It's time we just come out and say it: whatever the Farrelly Brothers had, they've lost it. It's long gone. There is no denying their place in modern comic filmmaking; Kingpin is a deliriously gonzo, balls-to-the-wall masterpiece, and There's Something About Mary is, well, There's Something About Mary--a delightful mash-up of gross-out comedy and sunny romance that reconfigured the comedic cinema landscape. But since that critical and financial highpoint, each film has been successively worse than its predecessor: Me, Myself, & Irene, Osmosis Jones, Shallow Hal, Stuck on You, Fever Pitch, The Heartbreak Kid, and now, their first film in over three years, the misbegotten sex-in-marriage farce Hall Pass. They clearly did not spend the time off recharging their batteries. They're still trafficking in the same tired formulas and constructs; meanwhile, more gifted comic filmmakers (Judd Apatow, Todd Phillips, Greg Mattola, and others) have evolved the Farrellys '90s form into something fresher, smarter, bolder, and funnier. Hall Pass is like a late-'60s Bob Hope or Jerry Lewis movie, stubbornly grinding out what used to work, current styles be damned.
The shame of the project is that the Farrellys have dragged down a cast of talented people: Owen Wilson, Jason Sudeikis, Jenna Fischer, Christina Applegate, Richard Jenkins, Stephen Merchant, J.B. Smoove. These are gifted performers who have done memorable work before, and certainly will again, though none of them are terribly funny here. (Okay, Smoove and Merchant are.) The premise is simple but promising: Rick (Wilson) and Fred (Sudeikis) have been married for years to Maggie (Fischer) and Grace (Applegate), but their mates, fed up with their constant horniness and wandering eyes, take the advice of a wise friend (Joy Behar) and offer their men a "hall pass"--a week free of the burdens of marital monogamy. The theory, which the Behar character offers up from the moment she suggests the idea, is that they will quickly sober up to the realities of single life and realize what they've got. That is, come to find out, exactly what happens. Way to throw us the curveball there, Farrellys.
Perhaps the biggest disappointment of the Hall Pass screenplay (aside from how painfully unfunny it is) is how little is made of the central premise; it's frankly kind of surprising how few actual comic sequences are spun out of the guys trying to get laid. The Farrelly brothers and co-screenwriters Pete Jones and Kevin Barnett inexplicably think it's funnier (or easier) to have them eat too much or spend a day hung over or get high while they're playing golf; those scenes don't play as anything other than lazy writers killing pages and saving all the zaaaaaany hijinks for the end. The third act, by the way, includes an unexpected car accident, a shoot-out, and a police chase, prompting us to wonder if there was a clearance sale at the climax factory.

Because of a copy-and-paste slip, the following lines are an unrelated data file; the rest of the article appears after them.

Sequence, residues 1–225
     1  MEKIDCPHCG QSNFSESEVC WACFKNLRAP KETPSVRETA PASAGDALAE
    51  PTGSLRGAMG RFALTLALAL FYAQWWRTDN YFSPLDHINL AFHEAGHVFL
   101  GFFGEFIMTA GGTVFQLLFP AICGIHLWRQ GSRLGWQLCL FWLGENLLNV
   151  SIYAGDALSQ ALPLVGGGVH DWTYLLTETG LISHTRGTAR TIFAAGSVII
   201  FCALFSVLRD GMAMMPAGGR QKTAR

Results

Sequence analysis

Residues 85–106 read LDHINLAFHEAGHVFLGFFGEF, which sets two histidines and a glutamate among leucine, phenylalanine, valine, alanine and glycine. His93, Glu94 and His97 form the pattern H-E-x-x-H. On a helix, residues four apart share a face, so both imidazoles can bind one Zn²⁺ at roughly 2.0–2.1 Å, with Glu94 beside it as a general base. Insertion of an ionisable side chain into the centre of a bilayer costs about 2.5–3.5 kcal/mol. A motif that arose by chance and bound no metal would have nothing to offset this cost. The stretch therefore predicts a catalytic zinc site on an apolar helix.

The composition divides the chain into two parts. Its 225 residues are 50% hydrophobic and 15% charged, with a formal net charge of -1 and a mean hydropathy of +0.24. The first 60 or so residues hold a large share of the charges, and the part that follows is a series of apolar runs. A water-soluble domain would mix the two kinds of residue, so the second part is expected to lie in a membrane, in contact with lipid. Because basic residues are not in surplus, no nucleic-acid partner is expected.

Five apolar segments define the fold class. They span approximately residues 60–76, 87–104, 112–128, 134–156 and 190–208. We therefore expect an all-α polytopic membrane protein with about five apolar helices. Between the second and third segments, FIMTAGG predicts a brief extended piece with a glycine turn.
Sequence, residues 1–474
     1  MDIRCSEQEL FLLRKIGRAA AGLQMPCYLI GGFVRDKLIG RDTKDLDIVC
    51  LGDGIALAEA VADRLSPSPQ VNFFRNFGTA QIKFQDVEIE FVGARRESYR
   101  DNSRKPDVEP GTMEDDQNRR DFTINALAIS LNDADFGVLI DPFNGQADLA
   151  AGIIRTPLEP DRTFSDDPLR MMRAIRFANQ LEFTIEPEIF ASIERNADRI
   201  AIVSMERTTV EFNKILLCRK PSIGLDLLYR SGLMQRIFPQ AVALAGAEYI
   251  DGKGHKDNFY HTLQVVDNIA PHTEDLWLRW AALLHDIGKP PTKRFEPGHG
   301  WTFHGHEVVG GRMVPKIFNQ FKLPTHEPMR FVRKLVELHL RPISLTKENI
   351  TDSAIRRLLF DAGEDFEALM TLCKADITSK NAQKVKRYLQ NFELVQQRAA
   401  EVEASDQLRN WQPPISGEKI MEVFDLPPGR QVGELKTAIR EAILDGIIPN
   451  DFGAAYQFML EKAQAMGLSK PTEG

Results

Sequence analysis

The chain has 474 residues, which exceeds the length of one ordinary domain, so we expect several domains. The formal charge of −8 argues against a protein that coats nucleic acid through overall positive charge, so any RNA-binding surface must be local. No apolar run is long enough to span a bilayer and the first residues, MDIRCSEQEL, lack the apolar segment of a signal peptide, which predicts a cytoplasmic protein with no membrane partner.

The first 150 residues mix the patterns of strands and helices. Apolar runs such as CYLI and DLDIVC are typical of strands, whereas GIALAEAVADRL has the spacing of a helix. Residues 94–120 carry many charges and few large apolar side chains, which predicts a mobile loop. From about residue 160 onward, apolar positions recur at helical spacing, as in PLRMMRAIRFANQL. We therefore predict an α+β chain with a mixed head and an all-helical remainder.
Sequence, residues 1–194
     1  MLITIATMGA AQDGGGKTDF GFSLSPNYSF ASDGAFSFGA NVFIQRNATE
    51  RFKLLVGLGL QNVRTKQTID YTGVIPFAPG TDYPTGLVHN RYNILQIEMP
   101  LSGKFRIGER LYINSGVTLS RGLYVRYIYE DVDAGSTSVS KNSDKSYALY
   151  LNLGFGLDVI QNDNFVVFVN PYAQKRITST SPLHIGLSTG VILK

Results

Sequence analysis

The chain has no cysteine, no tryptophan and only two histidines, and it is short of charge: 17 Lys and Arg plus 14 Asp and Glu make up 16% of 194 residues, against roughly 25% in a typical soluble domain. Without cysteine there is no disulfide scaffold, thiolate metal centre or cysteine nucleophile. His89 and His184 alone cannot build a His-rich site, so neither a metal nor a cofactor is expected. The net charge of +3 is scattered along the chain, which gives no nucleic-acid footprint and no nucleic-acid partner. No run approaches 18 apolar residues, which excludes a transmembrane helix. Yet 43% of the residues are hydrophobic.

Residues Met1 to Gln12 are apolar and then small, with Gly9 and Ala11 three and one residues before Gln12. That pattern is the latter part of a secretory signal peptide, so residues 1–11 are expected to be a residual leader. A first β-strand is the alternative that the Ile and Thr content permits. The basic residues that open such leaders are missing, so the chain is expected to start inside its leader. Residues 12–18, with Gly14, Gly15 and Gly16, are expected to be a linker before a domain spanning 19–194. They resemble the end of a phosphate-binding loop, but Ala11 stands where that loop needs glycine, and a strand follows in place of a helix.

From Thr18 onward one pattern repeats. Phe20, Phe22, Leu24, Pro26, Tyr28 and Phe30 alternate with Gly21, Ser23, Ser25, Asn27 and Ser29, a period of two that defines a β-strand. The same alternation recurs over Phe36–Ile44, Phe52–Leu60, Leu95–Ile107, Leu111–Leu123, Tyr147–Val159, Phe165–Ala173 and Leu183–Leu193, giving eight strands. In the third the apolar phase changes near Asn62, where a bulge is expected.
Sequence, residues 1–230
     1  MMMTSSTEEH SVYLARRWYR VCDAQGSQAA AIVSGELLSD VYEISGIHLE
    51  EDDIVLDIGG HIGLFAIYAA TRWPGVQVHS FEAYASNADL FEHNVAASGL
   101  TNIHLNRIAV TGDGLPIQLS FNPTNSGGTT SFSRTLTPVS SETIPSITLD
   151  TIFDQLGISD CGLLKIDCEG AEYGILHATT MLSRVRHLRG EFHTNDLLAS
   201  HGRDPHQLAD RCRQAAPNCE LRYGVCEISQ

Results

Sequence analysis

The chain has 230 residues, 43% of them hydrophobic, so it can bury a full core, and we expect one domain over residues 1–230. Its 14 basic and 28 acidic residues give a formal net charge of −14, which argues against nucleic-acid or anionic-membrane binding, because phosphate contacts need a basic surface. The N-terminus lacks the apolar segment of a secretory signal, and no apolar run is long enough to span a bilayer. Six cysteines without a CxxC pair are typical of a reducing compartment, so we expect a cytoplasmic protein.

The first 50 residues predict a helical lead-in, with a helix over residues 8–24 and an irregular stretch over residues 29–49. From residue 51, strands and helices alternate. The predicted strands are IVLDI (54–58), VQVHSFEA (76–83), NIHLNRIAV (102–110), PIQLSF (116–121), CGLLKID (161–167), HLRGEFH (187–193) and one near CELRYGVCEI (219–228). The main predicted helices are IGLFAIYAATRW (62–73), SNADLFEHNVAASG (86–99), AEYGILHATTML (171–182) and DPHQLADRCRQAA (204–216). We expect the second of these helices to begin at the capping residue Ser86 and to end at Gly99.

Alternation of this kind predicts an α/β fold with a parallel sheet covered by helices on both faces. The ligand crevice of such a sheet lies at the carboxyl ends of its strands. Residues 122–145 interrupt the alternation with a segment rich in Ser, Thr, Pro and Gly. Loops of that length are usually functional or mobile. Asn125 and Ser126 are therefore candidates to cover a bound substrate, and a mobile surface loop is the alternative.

Meanwhile, two separate scenes within the first twenty minutes are predicated on embarrassing conversations overheard because of surveillance devices. A drunken Sudeikis hits on a girl, and when her boyfriend stands up, ho ho, he's gigantic. Richard Jenkins gets a one-joke character to play, and if that weren't bad enough, the one joke isn't even timed for a laugh. For that matter, the timing is off all the way through the movie; the dialogue is strained and the obligatory gross-out scenes don't unfold with any kind of comic rhythm or ingenuity. They just happen, and then they're (thankfully) over.
The two female leads come out looking best--surprising, since the dialogue they're given is so terrible (seldom have female conversations sounded more like they were written by four men). Ever-reliable Applegate is probably the best thing in the picture--her final scene with the baseball player is kind of priceless. Fischer is lovely and charming; it's a shame she doesn't get anything funny to do. But she does get what may be the film's best scene, throwaway though it may be: a vivid presentation of that terrible moment when a husband realizes, after hours of sexual run-up, that his exhausted wife has fallen asleep. They play that moment genuinely, and then it goes on one beat longer, into some really interesting territory. More moments like that would have certainly made for a more honest movie; it might not have generated a lot of laughs, but hey, neither did what they came up with.
Jason lives with his wife Rebekah and their daughter Lucy in New York. He holds an MA in Cultural Reporting and Criticism from NYU. He is film editor for Flavorwire and is a contributor to Salon, the Atlantic, and several other publications. His first book, Pulp Fiction: The Complete History of Quentin Tarantino's Masterpiece, was released last fall by Voyageur Press. He blogs at Fourth Row Center and is yet another critic with a Twitter feed.